As the final part of the ride, guests in would push a button in their omnimover to select between the three types of future living which triggered a 30 second video about their selection. The videos showed a simulated flyover of an outdoor scene. To create the effect, scale models were built and a camera swept across the futuristic terrain. The models were some of the largest ever created at the time. Horizons, in its concept phase, was named Century 3 (or Century III), to recognize the third century of American existence (1776-2076). The name was changed to Futureprobe to help appeal the attraction toward international guests who wouldn't understand or appreciate Century 3. In the end, the Futureprobe name was scrapped due to the medical connotation of the word "probe". After much debate, GE and Disney officials settled on the name Horizons. Prior to the start of construction, the project's budget was slashed by $10 million (USD). The building size was reduced and the length of the ride was shrunk by 35%, shortening the ride length by 600 feet. Horizons opened exactly one year after Epcot opened and was located between World of Motion and the Universe of Energy. The Wonders of Life pavilion became Horizons' new neighbor in 1989, and World of Motion closed in 1996. Horizons remained operational until World of Motion's successor, Test Track, was ready to open to the public in early 1999.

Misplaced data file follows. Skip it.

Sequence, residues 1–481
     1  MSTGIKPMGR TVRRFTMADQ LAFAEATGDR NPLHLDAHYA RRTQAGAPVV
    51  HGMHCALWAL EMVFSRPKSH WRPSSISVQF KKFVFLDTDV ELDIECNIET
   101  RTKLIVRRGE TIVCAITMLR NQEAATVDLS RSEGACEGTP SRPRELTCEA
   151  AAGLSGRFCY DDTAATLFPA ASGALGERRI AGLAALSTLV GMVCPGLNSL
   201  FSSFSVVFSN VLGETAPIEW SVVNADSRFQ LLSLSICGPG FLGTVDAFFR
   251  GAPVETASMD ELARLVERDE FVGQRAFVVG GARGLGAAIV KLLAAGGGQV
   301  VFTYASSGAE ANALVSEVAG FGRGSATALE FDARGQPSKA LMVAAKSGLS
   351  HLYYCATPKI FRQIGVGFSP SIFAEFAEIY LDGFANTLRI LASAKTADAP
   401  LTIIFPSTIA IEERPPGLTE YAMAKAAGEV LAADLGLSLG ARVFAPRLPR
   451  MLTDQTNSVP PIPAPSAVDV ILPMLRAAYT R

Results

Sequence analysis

It was proposed that Horizons would be the sequel to the Carousel of Progress (located in Tomorrowland at Magic Kingdom), Disney's ride from the General Electric Pavilion at the 1964 New York World's Fair. As the Carousel of Progress followed the changes in lifestyle that faced a family as they lived through the 20th century, Horizons continued their story, showing how they might live in the 21st century. The Carousel's theme song "There's a Great Big Beautiful Tomorrow" was part of the Looking Back at Tomorrow portion of Horizons. The version of "There's a Great Big Beautiful Tomorrow" that could be heard in Horizons coming from a television in the Art Deco scene is the exact version that can still be heard on a radio during the first act of the present Carousel of Progress.
The original ride concept came from Reginald Jones (then CEO of GE) and Jack Welch (future CEO of GE). The concept was to focus on Thomas Edison and his body of work along with the origin of General Electric; it was changed to focus on the future of America, a theme that changed yet again to respect that Epcot was to appeal to a global audience. The building which housed Horizons was designed to resemble a spaceship, while accentuating the third dimension and giving the impression of an infinite horizon.